An insect hotel provides shelter for a variety of beneficial insects in your garden, especially native solitary bees and wasps, which pollinate your plants and help keep pests under control. Other beneficial insects include lacewings, hoverflies, ladybugs, beetles, and earwigs.
Insects are vital members of our ecosystems, but humans have destroyed and poisoned so many of their natural habitats. Now is your chance to help change that, and learn more about these fascinating creatures.
There are lots of ways to make your own hotel, but they should have the following basic features: a selection of smooth, cylindrical spaces, 3–10 mm in diameter and at least 10 cm deep, made in natural materials like a clump of bamboo sticks, holes drilled into untreated wood, and holes poked into a block of smooth, dry clay. The holes must only be open at one end. These are for the mainly solitary bees and wasps to lay and hatch their young, and for hibernating in over winter. Leafcutter bees like holes in logs and walls, while blue-banded bees and teddy bear bees burrow into mud and clay, and even old mortar between house bricks.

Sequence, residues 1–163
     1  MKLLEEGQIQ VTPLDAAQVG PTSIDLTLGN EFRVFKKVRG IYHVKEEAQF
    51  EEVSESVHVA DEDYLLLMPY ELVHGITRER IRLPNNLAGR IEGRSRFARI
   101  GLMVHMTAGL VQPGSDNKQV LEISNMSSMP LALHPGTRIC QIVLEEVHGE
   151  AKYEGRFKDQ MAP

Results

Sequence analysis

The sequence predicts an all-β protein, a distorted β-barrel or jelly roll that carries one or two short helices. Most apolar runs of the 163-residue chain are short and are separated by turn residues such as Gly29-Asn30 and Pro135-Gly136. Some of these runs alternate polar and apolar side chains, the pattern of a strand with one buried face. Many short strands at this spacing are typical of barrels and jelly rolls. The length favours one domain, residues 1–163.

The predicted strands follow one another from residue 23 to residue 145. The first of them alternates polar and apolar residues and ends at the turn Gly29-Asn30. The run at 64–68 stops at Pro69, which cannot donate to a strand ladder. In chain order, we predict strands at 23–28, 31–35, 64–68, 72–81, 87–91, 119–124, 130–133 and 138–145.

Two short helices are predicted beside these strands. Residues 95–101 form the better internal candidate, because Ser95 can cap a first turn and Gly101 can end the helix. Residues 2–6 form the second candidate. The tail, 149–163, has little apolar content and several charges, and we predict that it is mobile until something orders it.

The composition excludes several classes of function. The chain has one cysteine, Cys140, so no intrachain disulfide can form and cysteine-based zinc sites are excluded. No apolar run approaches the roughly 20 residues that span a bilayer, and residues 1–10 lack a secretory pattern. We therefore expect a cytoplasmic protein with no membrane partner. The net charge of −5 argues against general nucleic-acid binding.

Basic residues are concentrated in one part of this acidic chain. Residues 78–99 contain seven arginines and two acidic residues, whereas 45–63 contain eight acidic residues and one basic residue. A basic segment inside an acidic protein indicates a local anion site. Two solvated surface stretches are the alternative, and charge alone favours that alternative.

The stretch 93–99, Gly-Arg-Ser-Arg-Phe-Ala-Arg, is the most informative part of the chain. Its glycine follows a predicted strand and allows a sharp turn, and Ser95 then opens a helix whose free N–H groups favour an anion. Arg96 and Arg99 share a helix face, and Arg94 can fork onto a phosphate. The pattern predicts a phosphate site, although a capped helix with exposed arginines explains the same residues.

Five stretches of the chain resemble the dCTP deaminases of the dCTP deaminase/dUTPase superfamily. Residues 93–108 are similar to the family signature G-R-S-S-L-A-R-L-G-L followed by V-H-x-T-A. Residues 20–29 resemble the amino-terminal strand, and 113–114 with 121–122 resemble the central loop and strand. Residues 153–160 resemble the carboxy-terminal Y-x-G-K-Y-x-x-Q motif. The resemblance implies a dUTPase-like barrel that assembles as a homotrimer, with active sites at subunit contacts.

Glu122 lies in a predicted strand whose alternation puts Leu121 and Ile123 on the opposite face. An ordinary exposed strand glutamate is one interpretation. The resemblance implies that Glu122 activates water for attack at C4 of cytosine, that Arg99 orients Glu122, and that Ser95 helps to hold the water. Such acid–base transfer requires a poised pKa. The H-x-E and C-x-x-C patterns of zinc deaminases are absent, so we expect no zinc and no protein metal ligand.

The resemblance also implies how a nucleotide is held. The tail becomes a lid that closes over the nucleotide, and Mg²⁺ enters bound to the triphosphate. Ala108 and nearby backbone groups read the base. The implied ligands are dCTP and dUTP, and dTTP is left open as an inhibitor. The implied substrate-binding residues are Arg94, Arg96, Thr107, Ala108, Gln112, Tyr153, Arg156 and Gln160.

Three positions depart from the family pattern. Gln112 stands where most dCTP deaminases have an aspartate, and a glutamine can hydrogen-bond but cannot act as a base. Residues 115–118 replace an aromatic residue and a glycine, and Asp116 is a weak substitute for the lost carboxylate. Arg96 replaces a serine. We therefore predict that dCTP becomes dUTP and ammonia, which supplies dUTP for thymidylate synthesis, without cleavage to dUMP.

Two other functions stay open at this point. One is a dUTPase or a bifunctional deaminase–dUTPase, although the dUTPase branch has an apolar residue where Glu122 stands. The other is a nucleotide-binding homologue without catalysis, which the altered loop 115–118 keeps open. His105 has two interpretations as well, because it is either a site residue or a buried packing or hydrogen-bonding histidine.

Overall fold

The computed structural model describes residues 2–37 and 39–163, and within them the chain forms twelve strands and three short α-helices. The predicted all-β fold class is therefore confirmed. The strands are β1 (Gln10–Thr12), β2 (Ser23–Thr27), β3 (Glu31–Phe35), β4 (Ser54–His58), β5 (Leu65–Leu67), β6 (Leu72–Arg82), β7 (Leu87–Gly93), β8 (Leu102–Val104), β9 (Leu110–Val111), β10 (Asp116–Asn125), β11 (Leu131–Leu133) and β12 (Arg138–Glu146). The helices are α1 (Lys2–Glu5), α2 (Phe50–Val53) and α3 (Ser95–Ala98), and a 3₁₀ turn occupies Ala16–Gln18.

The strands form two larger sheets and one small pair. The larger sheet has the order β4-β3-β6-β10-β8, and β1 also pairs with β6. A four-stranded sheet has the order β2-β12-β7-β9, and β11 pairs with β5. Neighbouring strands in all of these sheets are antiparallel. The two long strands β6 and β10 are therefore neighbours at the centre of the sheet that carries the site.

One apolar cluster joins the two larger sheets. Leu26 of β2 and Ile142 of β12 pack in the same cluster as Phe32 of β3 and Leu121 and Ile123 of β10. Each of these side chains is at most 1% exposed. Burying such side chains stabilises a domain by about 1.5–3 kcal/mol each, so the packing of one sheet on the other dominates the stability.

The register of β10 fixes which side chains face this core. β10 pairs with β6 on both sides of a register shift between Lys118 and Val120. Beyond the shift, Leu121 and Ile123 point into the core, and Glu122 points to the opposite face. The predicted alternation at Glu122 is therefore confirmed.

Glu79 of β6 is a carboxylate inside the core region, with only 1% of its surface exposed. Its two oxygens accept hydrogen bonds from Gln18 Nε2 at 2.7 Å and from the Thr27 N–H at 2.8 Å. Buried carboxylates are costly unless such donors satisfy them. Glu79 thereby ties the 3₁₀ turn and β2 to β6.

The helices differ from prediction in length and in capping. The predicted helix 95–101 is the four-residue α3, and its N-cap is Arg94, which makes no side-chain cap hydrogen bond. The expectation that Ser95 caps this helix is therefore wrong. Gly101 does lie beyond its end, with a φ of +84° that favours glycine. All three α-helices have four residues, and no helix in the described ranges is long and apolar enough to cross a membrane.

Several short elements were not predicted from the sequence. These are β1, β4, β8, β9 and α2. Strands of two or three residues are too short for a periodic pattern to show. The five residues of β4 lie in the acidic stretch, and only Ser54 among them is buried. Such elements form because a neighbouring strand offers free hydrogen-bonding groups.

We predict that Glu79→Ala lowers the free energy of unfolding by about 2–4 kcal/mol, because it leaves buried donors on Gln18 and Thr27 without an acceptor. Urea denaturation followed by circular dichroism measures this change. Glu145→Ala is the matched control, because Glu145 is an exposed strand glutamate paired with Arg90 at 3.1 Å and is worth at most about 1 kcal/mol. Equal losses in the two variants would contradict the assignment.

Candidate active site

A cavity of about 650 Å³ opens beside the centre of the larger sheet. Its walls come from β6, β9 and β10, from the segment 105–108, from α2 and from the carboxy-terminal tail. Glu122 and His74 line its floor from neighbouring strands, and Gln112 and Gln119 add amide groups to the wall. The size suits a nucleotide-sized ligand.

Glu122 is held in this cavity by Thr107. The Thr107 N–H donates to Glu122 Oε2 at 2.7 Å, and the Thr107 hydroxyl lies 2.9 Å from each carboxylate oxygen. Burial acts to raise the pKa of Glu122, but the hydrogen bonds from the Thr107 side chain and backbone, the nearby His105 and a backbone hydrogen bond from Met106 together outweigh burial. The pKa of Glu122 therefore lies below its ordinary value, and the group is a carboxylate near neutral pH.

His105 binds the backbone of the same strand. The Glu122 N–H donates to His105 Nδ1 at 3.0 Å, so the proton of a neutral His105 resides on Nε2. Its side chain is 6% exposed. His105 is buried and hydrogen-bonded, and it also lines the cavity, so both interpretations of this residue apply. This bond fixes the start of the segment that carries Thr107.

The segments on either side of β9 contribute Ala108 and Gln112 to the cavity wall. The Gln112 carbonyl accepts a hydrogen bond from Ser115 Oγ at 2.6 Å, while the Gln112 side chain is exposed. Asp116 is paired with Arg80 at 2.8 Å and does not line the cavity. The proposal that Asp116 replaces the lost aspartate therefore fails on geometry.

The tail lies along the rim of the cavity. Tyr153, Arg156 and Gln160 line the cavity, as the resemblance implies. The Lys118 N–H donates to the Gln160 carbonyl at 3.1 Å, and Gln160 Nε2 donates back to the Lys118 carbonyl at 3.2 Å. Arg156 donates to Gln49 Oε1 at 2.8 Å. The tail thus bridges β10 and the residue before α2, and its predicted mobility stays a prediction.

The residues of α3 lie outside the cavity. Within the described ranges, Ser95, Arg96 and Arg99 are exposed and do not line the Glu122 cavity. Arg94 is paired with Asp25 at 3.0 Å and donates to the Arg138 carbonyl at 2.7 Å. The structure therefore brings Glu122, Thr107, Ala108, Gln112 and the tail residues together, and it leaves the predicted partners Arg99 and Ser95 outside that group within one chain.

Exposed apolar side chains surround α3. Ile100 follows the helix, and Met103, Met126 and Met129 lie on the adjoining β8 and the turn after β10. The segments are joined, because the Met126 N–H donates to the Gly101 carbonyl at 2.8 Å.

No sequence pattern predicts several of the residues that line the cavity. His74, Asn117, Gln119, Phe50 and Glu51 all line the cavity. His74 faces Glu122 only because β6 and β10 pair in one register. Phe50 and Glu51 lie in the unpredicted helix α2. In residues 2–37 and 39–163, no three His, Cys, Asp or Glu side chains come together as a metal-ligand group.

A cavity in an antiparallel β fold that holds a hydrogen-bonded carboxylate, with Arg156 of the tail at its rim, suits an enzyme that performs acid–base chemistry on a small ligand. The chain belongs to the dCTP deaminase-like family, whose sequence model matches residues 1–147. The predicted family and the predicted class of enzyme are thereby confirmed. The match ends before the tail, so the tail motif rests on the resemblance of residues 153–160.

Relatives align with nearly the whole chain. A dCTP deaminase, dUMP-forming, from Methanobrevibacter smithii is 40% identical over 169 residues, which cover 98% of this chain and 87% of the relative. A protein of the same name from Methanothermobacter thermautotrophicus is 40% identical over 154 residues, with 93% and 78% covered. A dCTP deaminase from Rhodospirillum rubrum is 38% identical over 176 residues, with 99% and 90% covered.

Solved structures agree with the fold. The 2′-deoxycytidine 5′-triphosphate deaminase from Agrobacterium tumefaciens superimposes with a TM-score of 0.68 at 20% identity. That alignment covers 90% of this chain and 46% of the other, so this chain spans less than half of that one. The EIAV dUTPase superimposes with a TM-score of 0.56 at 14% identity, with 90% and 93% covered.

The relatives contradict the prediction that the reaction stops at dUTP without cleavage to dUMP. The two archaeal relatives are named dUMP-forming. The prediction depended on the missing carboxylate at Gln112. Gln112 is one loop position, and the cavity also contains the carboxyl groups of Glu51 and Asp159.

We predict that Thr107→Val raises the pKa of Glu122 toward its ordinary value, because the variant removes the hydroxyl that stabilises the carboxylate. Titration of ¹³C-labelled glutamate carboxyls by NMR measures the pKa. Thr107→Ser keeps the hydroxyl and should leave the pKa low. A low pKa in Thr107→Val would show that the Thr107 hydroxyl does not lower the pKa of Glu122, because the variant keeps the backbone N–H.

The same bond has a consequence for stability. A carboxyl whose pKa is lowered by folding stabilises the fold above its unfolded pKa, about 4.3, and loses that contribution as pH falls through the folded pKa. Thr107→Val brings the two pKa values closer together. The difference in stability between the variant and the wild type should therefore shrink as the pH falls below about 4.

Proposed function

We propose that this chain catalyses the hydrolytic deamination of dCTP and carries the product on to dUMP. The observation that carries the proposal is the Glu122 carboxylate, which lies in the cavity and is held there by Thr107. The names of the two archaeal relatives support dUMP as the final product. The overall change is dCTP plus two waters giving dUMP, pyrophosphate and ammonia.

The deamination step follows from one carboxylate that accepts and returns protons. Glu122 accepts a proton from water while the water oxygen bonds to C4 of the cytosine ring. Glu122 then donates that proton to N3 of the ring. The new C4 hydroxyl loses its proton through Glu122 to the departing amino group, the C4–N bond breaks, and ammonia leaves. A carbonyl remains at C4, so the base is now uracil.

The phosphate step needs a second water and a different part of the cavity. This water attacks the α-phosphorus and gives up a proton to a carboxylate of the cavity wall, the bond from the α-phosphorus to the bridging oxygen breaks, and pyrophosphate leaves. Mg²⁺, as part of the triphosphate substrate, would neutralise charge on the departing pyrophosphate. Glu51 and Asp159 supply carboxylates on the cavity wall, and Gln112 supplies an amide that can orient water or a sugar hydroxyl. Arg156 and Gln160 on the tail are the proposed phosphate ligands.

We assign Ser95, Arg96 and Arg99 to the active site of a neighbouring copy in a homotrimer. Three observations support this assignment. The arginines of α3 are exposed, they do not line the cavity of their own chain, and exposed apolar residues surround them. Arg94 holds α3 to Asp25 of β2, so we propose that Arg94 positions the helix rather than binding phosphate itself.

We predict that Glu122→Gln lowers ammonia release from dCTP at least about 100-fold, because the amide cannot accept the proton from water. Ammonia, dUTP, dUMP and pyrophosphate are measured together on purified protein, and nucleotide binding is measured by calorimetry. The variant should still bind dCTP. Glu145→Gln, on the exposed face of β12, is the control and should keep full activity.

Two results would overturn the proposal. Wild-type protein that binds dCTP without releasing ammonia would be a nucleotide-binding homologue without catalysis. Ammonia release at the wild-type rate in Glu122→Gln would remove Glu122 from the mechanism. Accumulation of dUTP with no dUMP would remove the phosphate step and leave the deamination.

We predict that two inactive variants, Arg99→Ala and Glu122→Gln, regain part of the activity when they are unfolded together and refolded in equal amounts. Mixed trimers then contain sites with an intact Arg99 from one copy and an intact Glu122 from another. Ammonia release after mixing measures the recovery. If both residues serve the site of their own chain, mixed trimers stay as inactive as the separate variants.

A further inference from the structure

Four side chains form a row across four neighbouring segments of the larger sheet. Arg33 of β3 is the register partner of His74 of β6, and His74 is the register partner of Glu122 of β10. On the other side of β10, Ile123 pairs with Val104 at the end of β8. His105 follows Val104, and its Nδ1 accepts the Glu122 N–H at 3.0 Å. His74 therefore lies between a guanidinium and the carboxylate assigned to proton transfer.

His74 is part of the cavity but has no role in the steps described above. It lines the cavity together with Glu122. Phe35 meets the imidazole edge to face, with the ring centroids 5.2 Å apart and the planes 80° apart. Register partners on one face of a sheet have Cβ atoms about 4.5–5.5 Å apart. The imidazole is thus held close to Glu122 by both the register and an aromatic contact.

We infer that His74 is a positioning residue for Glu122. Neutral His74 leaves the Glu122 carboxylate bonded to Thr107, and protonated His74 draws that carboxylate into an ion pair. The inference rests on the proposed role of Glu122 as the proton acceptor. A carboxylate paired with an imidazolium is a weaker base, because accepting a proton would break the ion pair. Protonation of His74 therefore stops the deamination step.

Add some stems of plants with a lot of soft, spongy pith inside them, like blackberries, hydrangeas, grapevines, or fennel stems. Make sure there is at least 10cm between stem joints. Tie them together or stick them into a larger tube of bamboo, cardboard or ceramic pipe. Carpenter bees like to drill their homes in pithy stems and soft timber.
All materials should be non-toxic, including glues and paints. Make sure the hotel has a waterproof roof that hangs over the entrance to keep out rain, and put your hotel in a sheltered spot out of strong Sydney summer sun.
You could assemble the hotel in a wooden box, old shelves or even an old TV or computer shell! If you have a large space to fill, you can include seed pods, coir matting, wool, bricks, terracotta pots, and more. You can make a very simple hotel by tying together a bunch of bamboo sticks, and hanging them in a tree.